Launching into Freelance Editing: Tips for Choosing Your Genre Specialties

Friday, September 08, 2023
Freelance Editing

By Melanie Faith
There’s never been a better time to break into freelance editing. With the rise of e-books and digital publishing, many small-press publishers and individual authors who self-publish actively seek the assistance of editors who are enthusiastic about their craft.
When you think about beginning as a freelance editor, in addition to creating a website and posting your editorial availability on your social media, another step to explore is to decide what genre or genres you’d most like to edit.
Many editors specialize in a few areas of editorial work. While at first glance just mentioning that you are open to editing seems like enough, in actuality you are helping both yourself and your future clients by listing a few of your favorite genres that you have a passion for reading and editing as examples. These might also be genres you write as well.
Think of it: fiction alone has countless exciting subgenres, from mysteries, middle grade, thrillers/suspense, horror, new adult fiction, and graphic novels, to literary fiction, sweet romance, sensual romance, science fiction and fantasy, westerns, comedic/humorous fiction, historical fiction, and many more.
Similarly, nonfiction manuscripts include a diverse array of subgenres, from memoir to biography, journalism, and true crime, to flash nonfiction collections, autofiction collections, thematic anthologies, and flash memoir manuscripts, just to name a few.
Don’t forget that there are also exciting opportunities for editorial work in offering feedback to poets (from individual poems to batches of 3-5 poems to poetry chapbook collections and full-length manuscripts) and in offering personalized feedback on authors’ query letters, book proposals, grant proposals, contest entries, project descriptions, back-cover copy/descriptions, website copy, artist’s statements and author biographies for cover letters and/or website use, writing samples, and synopsis drafts.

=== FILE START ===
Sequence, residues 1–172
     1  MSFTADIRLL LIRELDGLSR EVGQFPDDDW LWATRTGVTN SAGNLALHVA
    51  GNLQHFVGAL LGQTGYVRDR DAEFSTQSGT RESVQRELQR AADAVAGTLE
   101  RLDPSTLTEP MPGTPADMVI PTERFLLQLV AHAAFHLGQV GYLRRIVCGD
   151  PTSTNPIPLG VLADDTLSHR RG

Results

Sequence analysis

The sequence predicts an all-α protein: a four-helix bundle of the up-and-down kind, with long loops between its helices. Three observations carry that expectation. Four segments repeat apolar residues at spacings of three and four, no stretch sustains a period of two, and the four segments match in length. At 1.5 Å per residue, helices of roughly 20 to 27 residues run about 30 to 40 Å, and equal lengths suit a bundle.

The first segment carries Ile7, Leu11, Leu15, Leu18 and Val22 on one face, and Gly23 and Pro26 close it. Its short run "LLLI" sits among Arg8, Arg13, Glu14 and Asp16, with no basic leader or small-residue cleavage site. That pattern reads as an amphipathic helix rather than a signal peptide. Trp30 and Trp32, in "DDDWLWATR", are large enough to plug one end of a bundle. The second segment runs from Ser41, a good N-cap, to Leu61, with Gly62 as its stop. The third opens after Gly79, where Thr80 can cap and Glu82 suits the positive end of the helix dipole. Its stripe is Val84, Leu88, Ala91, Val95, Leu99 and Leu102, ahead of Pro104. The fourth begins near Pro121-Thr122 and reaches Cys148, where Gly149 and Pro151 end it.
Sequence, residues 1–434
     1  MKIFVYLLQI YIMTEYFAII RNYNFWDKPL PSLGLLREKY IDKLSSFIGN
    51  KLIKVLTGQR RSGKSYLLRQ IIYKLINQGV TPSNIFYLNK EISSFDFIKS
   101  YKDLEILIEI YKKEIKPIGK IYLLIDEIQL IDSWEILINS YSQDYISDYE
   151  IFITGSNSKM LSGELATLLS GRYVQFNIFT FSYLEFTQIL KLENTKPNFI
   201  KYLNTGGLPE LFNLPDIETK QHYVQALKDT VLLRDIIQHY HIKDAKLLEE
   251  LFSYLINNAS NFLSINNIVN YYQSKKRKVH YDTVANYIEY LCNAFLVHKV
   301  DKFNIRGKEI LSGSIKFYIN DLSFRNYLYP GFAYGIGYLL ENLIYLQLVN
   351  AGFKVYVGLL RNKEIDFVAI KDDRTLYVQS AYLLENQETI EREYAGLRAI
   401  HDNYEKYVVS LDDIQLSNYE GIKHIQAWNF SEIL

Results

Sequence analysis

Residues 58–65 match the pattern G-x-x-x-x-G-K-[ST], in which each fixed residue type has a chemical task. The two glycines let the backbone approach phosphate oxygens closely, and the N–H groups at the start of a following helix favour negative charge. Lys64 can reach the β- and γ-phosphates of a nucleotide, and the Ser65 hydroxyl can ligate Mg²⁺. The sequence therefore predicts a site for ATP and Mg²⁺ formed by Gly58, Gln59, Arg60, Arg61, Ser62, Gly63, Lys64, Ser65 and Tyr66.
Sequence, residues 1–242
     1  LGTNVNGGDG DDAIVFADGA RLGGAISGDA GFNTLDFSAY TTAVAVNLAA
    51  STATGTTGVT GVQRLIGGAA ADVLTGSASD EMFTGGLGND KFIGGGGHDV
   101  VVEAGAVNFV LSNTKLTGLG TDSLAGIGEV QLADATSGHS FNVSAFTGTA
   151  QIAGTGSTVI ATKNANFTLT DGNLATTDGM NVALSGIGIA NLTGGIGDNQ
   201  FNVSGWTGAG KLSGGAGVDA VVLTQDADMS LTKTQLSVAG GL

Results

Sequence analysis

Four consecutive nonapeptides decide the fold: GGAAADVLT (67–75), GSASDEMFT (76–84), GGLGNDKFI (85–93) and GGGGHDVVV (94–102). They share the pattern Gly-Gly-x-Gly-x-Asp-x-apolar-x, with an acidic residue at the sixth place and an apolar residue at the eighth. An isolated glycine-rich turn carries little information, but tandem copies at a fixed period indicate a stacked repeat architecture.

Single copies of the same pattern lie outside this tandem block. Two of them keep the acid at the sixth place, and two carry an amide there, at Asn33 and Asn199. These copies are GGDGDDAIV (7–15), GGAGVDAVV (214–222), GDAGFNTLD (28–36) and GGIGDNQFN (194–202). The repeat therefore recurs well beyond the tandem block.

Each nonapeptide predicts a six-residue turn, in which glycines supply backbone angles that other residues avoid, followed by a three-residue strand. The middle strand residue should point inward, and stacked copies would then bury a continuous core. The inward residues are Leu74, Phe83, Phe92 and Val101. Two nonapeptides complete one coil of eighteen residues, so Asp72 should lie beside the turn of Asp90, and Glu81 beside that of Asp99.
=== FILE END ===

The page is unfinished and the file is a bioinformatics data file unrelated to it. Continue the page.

Also, there are many authors specifically seeking feedback on shorter manuscripts, such as novellas and novelettes in countless fiction genres.
Remember that you can always begin with two or three types of editing and expand your range as opportunities come your way after your first few editing jobs.
Try this exercise:

I often recommend to my writing students who are interested in getting started as editors that they make a list of four or five of the favorite genres they like to read and/or to write. Get some paper, and list away!
Then, jot a few lines about what you love most about these genres; such an explication can be very clarifying.
After you’ve made your quick list (do this off of the top of your head and without pausing—first-thought, best-thought style), pick two or three of the genres on your list as your initial editorial specialties.
From reading and/or writing often within a genre, you already know a lot about pacing, characterization, dialogue, tropes within the genres, and so much more. You also have a natural passion for these genres which will make offering feedback to talented authors an especially fun and meaningful experience.
The sky’s the limit, and happy editing! 
Melanie Faith

Melanie Faith likes to wear many hats, including as a poet, photographer, prose writer, professor, editor, and tutor. She teaches workshops for WOW! Women on Writing. Her new webinar, An Insider’s Look at Launching as a Freelance Editor, is on Friday, September 15th. She’ll also teach a four-week Food Writing class, starting October 6th. Find out more about Melanie by visiting her website.


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